Derelict Lincoln village shop transformed into work of art

A derelict shop which had stood, dilapidated in Bracebridge Heath village near Lincoln, has been transformed into a colourful art installation by local groups and businesses.

Visitors and residents of the village will notice a new ‘florist’ has sprung up in place of the boarded-up building on Grantham Road, but the pretty facade isn’t as it seems.

“Banksia” is a beautiful shop that never opens.

The trompe d’oeil art installation has been created by Lincoln-based video, photography and animation service Electric Egg, who were commissioned by artsNK to work with local residents and brighten up a derelict former florist.

Electric Egg worked with a village flower arranging group and local floristry Flowers by Suzanne to create the art installation which brings the shop back to life.

Members of the community and a local floristry group helped to design the arrangements for the prints. Photo: Electric Egg

Members of the community and a local floristry group helped to design the arrangements for the prints. Photo: Electric Egg

Flower arrangements and a range of florist ephemera were photographed by Electric Egg’s Steven Hatton and Neil Baker and expertly collaged to create window displays over which illustrations were overlaid and topped off with signage design.

The work celebrates through its name and the illustrations the Lincolnshire botanist Sir Joseph Banks and his pioneering work documenting the flora and fauna of the South Pacific on the Captain Cook’s Endeavour voyage.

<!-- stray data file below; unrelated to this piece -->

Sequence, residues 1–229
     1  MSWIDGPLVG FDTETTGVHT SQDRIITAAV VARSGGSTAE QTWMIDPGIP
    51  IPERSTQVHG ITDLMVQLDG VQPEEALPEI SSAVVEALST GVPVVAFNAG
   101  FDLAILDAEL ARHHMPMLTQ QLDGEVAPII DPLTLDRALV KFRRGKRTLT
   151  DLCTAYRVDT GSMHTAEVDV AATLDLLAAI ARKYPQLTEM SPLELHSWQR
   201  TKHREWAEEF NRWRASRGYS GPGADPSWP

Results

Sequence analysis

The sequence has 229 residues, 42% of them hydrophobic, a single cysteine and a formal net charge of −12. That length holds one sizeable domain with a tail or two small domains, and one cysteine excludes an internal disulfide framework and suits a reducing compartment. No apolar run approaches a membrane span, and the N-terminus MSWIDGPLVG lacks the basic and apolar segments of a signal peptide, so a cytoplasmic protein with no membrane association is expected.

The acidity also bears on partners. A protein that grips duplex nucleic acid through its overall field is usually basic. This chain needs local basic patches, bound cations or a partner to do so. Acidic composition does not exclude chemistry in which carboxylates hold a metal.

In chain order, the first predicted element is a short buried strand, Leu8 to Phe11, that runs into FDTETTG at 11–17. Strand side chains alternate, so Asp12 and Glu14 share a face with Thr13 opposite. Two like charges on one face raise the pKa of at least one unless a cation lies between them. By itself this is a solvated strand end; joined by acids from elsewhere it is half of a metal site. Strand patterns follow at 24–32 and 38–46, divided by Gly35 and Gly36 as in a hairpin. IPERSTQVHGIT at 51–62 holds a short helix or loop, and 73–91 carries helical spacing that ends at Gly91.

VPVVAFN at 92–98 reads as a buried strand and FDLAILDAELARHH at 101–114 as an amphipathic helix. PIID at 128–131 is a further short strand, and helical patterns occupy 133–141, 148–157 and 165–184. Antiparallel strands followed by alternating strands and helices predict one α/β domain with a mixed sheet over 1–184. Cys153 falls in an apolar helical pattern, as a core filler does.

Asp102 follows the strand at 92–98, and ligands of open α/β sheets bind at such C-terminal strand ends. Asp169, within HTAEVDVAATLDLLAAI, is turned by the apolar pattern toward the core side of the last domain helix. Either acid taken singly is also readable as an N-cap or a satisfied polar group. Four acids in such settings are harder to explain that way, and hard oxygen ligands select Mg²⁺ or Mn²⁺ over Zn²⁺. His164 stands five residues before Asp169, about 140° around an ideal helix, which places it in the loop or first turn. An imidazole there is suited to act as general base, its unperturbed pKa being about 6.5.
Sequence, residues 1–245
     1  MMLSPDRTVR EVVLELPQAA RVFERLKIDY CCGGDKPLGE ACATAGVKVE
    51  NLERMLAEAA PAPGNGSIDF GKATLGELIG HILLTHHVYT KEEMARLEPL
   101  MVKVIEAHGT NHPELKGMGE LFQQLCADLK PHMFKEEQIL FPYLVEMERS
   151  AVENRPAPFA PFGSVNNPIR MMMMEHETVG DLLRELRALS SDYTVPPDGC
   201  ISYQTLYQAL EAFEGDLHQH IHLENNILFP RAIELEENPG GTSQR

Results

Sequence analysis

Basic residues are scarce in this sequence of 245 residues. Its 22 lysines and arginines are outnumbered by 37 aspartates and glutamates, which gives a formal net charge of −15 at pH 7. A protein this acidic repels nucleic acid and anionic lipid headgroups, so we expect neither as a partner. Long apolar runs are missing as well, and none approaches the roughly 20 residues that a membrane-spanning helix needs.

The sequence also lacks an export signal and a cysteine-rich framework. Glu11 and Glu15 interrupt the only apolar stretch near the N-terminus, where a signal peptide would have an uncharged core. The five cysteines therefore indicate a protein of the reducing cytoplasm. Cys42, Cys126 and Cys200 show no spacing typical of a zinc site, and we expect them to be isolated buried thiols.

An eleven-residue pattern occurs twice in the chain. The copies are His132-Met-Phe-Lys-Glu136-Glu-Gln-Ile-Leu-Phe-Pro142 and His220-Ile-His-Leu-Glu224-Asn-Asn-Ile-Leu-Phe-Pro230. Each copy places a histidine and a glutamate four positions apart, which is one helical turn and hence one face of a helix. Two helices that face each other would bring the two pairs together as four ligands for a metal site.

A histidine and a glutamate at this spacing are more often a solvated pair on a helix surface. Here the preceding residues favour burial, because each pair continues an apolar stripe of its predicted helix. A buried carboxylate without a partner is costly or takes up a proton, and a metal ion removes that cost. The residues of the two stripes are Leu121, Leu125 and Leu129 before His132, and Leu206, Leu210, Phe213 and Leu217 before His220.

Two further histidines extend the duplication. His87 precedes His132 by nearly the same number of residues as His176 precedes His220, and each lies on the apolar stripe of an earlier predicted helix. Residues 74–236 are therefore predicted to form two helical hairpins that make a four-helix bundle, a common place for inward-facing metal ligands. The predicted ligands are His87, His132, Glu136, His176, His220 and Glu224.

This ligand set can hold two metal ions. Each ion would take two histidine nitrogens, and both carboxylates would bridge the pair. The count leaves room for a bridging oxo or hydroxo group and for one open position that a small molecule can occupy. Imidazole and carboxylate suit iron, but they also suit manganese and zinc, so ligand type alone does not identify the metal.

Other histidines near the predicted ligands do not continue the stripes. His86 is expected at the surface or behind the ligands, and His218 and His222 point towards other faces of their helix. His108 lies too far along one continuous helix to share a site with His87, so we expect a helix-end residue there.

The illustrations are based on those done by the voyage’s artist on-board, Sydney Parkinson, who made hundreds of drawings and paintings of new species found by Banks and his assistant Daniel Solander.

Photos: Electric Egg

Photos: Electric Egg

Electric Egg have also transformed the Anglian Water Board fencing with more trompe d’oeil photographs – including gnomes, and full sized images of local people.

Nick Jones (artsNK Visual Arts Manager) said: “artsNK have been working with the village to improve various spaces over the last three years, but this was the most ambitious project to date.

“We were looking for an artwork that improved the area as well as having significance, and because it’s on the route to a local school, with hundreds of children walking past every day, we liked the idea of it linking to learning.

“The final artworks couldn’t have been better. They are beautiful, themed perfectly to link to the gardeners of the town, but also to the Lincolnshire hero Joseph Banks, and the concept of discovery and learning.

“A perfect example of the arts contributing to making Bracebridge Heath and North Kesteven a nicer and more interesting place to live.”

Steven Hatton from Electric Egg added: “We were delighted to work with the community and artsNK on this project. We hope the transformation of this once boarded up building will create curiosity amongst the residents of Bracebridge Heath and lead them to learn a little more about Joseph Banks and his work.

“The artwork is part of a transformation of the village organised by the Bracebridge Heath events group for RHS Britain in Bloom campaign”